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Police stop Amtrak train in Newark

Spokesman says searches may be routine ahead of political conventions

New Jersey

NEW YORK (CNN) -- Police stopped Amtrak train 170 Thursday in Newark, New Jersey, for what Amtrak called "police activity" after a note was found in a bathroom, an Amtrak official said.

The train was allowed to continue its Washington-to-Boston trip after a search.

Amtrak spokesman Dan Stessel said, "Train 170 was stopped at 7:52 a.m. this morning in Newark, New Jersey, for police activity."

"The passengers were kept on the train ... and there was a check of passengers' IDs," Stessel said. "Because so many passengers on that particular train use monthly passes, it was important that we understood exactly which passengers were on that train, and so when police conducted their investigation, they wrote down the names and ID information of everyone onboard."

"There was no threat to the train," he said. "The police used canine units that swept the train, and there was no reason to believe there was any type of device or anything of the sort onboard."

There was confusion over how the note was found and what it said. Stessel said a passenger found the note in a bathroom, but a law enforcement source told CNN an Amtrak employee had found it.

Although Amtrak would not disclose the content of the note, the law enforcement source told CNN it was threatening but did not indicate there were explosives on the train or that it was related to terrorism. The note was given to agents from the Newark FBI.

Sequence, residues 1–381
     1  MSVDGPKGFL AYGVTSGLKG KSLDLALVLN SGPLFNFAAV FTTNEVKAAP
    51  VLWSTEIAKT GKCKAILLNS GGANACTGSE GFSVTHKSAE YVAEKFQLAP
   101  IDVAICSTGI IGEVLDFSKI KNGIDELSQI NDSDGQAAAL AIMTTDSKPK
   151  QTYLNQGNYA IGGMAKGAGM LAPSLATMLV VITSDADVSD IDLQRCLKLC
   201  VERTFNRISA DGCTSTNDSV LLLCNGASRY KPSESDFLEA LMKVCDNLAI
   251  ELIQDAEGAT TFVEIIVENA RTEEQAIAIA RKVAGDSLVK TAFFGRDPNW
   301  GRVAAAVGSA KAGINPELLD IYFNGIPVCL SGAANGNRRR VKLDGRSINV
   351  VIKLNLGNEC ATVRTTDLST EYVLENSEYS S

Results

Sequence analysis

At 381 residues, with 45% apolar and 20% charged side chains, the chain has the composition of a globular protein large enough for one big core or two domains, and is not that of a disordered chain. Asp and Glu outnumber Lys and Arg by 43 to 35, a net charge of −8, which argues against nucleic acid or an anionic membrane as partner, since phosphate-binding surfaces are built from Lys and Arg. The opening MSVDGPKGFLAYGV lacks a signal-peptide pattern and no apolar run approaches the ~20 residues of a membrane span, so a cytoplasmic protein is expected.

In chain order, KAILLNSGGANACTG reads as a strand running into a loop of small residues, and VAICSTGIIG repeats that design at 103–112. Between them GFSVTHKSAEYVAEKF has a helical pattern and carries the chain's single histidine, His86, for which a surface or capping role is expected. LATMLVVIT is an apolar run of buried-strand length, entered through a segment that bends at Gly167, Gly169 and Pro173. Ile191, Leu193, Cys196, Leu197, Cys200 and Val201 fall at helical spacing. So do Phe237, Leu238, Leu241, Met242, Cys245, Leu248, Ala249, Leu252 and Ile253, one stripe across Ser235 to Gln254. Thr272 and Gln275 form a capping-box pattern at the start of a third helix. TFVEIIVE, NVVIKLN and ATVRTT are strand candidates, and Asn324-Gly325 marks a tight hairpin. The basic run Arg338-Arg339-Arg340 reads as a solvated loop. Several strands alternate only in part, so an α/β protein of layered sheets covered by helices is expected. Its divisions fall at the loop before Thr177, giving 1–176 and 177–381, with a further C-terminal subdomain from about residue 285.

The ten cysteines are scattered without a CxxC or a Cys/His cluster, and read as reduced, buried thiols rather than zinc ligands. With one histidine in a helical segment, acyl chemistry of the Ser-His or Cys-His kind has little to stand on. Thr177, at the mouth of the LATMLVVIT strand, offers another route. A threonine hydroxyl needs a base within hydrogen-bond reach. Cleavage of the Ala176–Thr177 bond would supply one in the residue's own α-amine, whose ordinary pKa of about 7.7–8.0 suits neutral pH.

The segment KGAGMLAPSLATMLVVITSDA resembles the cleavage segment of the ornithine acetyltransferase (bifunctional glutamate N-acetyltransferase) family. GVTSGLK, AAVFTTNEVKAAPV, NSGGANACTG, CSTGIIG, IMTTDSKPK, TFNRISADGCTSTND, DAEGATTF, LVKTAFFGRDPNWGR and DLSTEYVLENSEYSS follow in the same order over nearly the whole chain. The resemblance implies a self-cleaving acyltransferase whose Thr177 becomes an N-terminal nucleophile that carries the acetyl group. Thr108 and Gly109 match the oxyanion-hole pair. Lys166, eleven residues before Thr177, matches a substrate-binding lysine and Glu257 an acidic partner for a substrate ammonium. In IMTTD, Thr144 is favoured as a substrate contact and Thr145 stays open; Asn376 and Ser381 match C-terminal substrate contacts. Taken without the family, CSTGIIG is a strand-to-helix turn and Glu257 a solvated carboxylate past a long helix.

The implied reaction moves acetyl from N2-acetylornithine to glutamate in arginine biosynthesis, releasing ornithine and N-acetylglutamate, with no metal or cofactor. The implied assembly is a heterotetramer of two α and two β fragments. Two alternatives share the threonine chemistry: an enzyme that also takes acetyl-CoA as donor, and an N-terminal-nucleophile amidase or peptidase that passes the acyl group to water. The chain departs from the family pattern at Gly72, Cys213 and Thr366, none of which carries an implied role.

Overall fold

Stessel said these types of searches -- involving asking for IDs and addresses and names -- will be routine through the Republican National Convention, which begins in late August in New York.

He referred to the police activity as a "routine sweep."

A passenger on the train, Jeffrey Rodgers, told CNN that officers with dogs came onto the car where he was riding. He said they also videotaped the car and its passengers.

Rodgers said the train's engineer came on the train's intercom and apologized for the delay. He said the engineer said police needed to conduct a search but added there was no danger.

Amtrak said the train was carrying around 800 passengers. After the search, it left Newark for New York City's Penn Station about 10 minutes before 10 a.m. ET. Amtrak said the train would continue to its final destination of Boston.

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